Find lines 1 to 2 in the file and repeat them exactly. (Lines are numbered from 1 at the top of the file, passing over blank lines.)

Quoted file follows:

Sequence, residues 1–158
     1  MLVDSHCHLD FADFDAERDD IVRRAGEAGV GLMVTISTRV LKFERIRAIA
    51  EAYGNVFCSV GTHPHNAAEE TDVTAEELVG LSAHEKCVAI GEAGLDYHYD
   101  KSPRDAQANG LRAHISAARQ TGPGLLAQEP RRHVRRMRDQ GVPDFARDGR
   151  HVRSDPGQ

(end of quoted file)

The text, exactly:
Sequence, residues 1–158
     1  MLVDSHCHLD FADFDAERDD IVRRAGEAGV GLMVTISTRV LKFERIRAIA